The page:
Again something I'm generally supportive of, but I'm not sure it'll make a big difference in many places, as many individual states have stepped into this gap already. But, I've yet to know the details yet either, so maybe there's something good in there somewhere I'm not aware of. Some more universal limits on malpractice damage caps, extent of liability for data breaches, etc would be welcome regardless. These are major policy drivers at our hospital, and even high caps on damages help with the insurance costs. Insurance providers will not hold back the charges if there's the potential for unlimited liability.
The tort reform is more in the area of punitive IIRC (it's been a while since I did research on the subject, so you'll have to bear with me here). It's one thing to assess a cost in damages to a patient based on a mistake, misdiagnosis, etc. It's a whole different thing when a jury decides to award a massive settlement in some class action suit, where the primary beneficiaries of the suit are the lawyers, with the massive number of folks in the class action getting maybe a few dollars. I don't know if you've noticed this, but one of the more amusing aspects of watching late night cable is all of the commercials advertising for some new drug or treatment for <insert whatever here>, followed by another ad for a lawsuit for everyone who "if you or a family member used <X> and suffered <Y>, call the law officers of <Z>", where <X> is the new drug or treatment they were advertising 6-12 months ago on the same channel.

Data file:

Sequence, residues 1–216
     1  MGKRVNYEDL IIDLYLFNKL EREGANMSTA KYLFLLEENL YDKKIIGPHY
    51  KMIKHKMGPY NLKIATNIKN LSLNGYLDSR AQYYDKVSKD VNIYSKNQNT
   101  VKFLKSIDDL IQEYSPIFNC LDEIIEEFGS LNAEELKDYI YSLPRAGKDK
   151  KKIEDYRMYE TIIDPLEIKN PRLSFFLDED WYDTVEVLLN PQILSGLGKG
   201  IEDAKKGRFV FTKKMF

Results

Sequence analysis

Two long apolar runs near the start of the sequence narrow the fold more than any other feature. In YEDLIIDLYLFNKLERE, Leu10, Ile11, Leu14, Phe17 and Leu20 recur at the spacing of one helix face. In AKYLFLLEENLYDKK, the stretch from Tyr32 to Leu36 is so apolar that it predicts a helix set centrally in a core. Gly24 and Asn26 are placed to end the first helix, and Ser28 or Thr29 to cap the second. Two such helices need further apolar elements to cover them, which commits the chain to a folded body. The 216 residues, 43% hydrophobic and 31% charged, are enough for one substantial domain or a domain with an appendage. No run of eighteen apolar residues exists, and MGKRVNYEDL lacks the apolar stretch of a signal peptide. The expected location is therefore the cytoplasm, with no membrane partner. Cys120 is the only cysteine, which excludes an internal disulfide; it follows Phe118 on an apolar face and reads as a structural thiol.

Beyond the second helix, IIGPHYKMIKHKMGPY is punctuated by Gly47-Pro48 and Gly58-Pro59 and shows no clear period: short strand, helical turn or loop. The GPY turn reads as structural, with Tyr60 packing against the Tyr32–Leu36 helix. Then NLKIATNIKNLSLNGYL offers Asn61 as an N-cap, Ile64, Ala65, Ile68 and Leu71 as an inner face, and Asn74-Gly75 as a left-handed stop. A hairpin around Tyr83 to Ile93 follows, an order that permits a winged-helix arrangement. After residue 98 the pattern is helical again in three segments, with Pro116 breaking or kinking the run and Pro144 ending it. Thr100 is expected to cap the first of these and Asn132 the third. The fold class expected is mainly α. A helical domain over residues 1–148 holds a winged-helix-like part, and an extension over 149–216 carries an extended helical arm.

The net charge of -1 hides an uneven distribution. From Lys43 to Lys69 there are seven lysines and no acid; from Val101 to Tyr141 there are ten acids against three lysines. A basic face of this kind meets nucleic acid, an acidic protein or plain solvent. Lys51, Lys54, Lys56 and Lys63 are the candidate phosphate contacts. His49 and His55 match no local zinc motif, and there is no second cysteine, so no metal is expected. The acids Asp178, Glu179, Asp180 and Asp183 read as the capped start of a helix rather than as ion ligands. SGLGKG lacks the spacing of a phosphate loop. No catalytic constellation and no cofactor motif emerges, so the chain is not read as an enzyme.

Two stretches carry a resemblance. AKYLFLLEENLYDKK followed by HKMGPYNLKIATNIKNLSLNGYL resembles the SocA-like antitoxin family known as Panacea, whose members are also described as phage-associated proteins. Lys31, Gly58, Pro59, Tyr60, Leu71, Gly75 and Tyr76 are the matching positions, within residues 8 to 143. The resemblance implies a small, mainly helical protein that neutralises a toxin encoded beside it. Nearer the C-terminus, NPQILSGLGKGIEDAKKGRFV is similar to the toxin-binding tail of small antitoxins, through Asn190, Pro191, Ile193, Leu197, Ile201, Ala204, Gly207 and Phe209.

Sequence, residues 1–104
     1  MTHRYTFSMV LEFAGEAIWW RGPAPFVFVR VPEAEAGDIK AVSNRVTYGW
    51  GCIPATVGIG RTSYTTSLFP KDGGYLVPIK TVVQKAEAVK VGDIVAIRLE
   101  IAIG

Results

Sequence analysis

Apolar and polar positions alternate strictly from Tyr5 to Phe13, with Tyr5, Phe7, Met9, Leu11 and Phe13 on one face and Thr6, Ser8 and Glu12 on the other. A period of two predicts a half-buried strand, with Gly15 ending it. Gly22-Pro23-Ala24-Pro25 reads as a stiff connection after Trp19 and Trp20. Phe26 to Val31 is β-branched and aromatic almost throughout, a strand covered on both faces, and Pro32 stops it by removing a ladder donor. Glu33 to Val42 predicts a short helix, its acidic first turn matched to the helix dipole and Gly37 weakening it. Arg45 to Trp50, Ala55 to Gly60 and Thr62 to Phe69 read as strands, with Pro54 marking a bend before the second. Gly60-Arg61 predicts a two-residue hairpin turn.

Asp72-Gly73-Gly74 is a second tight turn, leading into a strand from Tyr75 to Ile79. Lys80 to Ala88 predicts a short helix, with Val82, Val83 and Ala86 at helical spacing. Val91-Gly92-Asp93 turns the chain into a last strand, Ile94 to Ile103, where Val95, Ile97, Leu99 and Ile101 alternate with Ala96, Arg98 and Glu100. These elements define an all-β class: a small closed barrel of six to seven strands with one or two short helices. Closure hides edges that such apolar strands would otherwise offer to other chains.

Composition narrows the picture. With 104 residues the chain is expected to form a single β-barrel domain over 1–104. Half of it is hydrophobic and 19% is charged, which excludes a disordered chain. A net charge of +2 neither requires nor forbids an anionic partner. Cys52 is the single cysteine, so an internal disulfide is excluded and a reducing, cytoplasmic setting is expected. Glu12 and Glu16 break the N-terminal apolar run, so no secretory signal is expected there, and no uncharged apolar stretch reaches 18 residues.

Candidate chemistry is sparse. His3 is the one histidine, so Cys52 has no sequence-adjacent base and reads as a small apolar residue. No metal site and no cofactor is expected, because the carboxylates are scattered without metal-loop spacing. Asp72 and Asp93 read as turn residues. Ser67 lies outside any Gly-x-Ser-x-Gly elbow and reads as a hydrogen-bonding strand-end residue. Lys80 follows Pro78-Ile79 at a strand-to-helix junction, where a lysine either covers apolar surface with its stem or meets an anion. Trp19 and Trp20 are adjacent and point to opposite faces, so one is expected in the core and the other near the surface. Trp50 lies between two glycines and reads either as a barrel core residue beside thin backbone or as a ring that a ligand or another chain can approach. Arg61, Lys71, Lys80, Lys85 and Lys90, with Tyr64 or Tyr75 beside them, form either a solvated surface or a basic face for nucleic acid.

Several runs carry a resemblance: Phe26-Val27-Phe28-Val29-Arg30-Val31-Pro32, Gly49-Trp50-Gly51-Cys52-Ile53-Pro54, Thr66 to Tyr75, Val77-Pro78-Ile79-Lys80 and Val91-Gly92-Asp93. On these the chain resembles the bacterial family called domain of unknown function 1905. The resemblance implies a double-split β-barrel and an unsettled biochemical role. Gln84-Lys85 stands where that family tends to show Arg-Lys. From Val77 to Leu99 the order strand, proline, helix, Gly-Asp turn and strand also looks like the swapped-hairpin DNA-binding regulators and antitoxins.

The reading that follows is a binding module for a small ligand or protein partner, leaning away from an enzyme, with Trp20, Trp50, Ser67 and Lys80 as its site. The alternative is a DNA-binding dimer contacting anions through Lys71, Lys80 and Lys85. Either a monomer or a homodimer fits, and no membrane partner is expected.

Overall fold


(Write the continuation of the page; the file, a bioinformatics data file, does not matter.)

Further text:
It's like a never ending cycle. And again, none of the players have any real interest to stop it because they're all making money anyway, since they can pass the costs on to the consumers. And frankly, this has gotten worse
under Obamacare, since the mandates effectively guarantee a market for any crappy drug or medical device that comes down the pipe. Oh. Because the third commercial you'll see is how you can qualify for a free <insert something here> under the Affordable Care Act. And that's a form of the red-green game in action. Everyone knows it's hurting them, but each player does it anyway. I have a friend who rails about the ACA all the time (for many of the same reasons I do). But guess what? When he got something in the mail telling him he was qualified for a free back brace or whatever, he filled out the form and got it. His thinking? He's already paying the higher premiums and other costs for his health insurance now, so he may as well "get his money's worth".